David Lean’s epic anti-Communist romance Doctor Zhivago (1965) is a great and serious work of art. Doctor Zhivago was initially panned by the critics — probably not because it is a bad film, but because it was very bad for Communism. Nevertheless, it was immensely popular. It is still one of the highest-grossing movies of all time, adjusted for inflation. It also won five Oscars — for Best Adapted Screenplay (Robert Bolt), Best Original Score (Maurice Jarre), Best Cinematography (Freddie Young), Best Art Direction, and Best Costume Design. (more…)
Tag: Bolshevik Revolution
Smashing the Balance: Solzhenitsyn’s Two Hundred Years Together, Part 3
By the time the reader begins the second volume of Aleksandr Solzhenitsyn’s Two Hundred Years Together, he’s aware of a complex yet fragile balance established by the author in volume one. Jews and Russians have shared the same empire and language for centuries, but not without conflict brought about by their different natures and the exigencies of history. (more…)
Stolypin vs. Bogrov: Themes of Ethnonationalism in Solzhenitsyn’s August 1914
The white man stood tall and proud. He was handsome and confident, and was well-dressed in his white summer-weight frock coat. Regal, although not quite the Tsar. As Prime Minister, he was the next best thing. Despite this, Pyotr Stolypin had remarkable little security around him when he attended a play at the Kyiv Opera House on September 14th, 1911. His relationship with the Tsar had soured a bit recently due to his insistence that the local governments of the western provinces (called zemstvos) be dominated by the Russian people and not the influential Polish landowners. (more…)
A recurring theme in Book 1 of Aleksandr Solzhenitsyn’s March 1917 — or Node III of his vast Red Wheel opus — is “this could have been prevented.” Of course, this refers to the first successful socialist revolution in Russia, which took place in March 1917 (or in February, according to the Julian Calendar). In March 1917, Solzhenitsyn offers a wealth of perspective on the fateful events in Petrograd which led to the abdication of the Tsar and the monarchy’s ultimate replacement with the Provisional Government. (more…)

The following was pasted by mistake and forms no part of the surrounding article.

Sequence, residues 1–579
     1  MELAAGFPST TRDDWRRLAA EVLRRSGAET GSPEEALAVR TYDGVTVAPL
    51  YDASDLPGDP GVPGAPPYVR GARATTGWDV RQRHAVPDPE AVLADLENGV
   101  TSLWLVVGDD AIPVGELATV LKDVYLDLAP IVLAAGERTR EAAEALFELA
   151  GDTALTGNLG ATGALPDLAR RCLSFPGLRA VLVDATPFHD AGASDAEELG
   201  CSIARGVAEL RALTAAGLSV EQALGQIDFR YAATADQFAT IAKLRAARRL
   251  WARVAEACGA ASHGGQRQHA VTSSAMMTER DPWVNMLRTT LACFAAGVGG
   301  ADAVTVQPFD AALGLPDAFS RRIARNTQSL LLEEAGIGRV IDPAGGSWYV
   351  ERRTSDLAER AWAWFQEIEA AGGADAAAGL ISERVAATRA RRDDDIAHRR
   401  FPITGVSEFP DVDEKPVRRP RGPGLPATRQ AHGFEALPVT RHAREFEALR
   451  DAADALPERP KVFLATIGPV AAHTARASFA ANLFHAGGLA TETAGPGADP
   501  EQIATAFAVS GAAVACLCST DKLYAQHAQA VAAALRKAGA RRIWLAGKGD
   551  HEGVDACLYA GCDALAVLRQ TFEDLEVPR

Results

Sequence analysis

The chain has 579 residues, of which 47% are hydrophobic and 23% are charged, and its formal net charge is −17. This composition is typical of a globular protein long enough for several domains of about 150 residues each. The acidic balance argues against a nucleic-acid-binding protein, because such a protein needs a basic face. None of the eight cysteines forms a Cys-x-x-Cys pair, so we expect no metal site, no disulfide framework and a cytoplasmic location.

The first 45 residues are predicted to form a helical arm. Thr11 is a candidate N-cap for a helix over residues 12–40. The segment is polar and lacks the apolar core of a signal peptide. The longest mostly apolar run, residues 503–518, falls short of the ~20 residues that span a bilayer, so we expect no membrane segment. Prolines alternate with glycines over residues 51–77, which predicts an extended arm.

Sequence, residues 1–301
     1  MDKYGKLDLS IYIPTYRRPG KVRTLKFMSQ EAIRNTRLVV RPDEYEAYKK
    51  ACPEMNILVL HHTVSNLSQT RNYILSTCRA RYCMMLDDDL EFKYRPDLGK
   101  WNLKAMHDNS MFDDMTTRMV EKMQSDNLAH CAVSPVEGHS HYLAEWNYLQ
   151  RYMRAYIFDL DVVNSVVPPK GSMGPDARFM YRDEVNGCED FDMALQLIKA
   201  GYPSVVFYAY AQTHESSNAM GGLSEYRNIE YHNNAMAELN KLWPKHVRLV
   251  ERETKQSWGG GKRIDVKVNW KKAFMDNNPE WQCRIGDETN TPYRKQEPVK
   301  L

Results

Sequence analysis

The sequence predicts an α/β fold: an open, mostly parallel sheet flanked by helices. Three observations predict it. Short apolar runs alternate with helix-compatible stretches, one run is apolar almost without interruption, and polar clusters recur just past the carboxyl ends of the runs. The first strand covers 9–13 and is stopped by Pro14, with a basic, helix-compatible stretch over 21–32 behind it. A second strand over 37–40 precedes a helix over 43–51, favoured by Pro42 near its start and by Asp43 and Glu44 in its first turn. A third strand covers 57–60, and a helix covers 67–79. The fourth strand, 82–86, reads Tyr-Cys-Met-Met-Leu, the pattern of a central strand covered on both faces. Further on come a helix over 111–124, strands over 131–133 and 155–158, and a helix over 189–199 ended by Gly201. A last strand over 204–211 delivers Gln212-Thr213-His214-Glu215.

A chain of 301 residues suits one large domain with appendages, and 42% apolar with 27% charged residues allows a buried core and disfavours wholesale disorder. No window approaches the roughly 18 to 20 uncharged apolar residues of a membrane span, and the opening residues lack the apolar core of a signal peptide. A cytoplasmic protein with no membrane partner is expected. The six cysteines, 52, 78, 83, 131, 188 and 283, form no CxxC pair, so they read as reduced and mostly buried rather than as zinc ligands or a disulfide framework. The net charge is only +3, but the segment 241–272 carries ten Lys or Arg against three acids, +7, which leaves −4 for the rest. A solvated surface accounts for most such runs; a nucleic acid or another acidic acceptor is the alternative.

Alain Brossat and Sylvie Klingberg
Revolutionary Yiddishland: A History of Jewish Radicalism
New York: Verso, 2016.
In the relatively recent publication in English (for the first time) of the 1983 French book Revolutionary Yiddishland, Jewish authors Alain Brossat and Sylvie Klingberg document Jewish radical Leftist politics in Europe in the early to mid-20th century. (more…)
Tuesday, November 7th, marked the one hundredth anniversary of the Bolshevik Revolution (called the “October Revolution,” since in the Julian calendar it took place on October 25th). But you would never know it.
Vladimir Putin declared last year that discussion of the Revolution should be left to professional historians— (more…)
The Internationalist Perspective of Communism
Volkogonov writes that Trotsky was fixated on the coming of a ‘world revolution’. Not unrelated was Trotsky’s thesis that, “The Jewish question, as a result of the whole of Jewish history, is international . . . (more…)
Part 3 of 5
The Ukraine Complication
A “Dec. 20 1922 New York Times article . . . detailed the activities of a ‘Jewish army’ made up of 500,000 men that was established by Lenin’s Bolshevik regime to do its bidding in Ukraine.” It was “a supreme force in some cities.” Then there was the Cheka. Solzhenitsyn relates American historian Bruce Lincoln’s estimate that the Ukrainian Cheka was 80 percent Jewish. (more…)
Part 2 of 5
The October Revolution
Inspired by the Balfour Declaration, 80 percent of Jews had voted Zionist in the Constituent Assembly elections. But Zionism = fanatical ethno-religious chauvinism + socialism, and that combination could just as easily transmute into leadership of Communism, thereby harnessing a largely Jewish-based universalistic ideology to a particularistic agenda. (more…)
Part 1 of 5
The following continues an extended series of excerpts from the penultimate draft of Dara Halley-James’ forthcoming book The Sixty Million: How Leading Jewish Communists, Zionists, and Neocons Brought on a Dozen Holocausts.
Dara Halley-James is the pseudonym of an author who has published well-received “mainstream” books under her real name. The following is the second in an extended series of excerpts from the penultimate draft of the forthcoming book The Sixty Million: How Leading Jewish Communists, Zionists, and Neocons Brought on a Dozen Holocausts. (more…)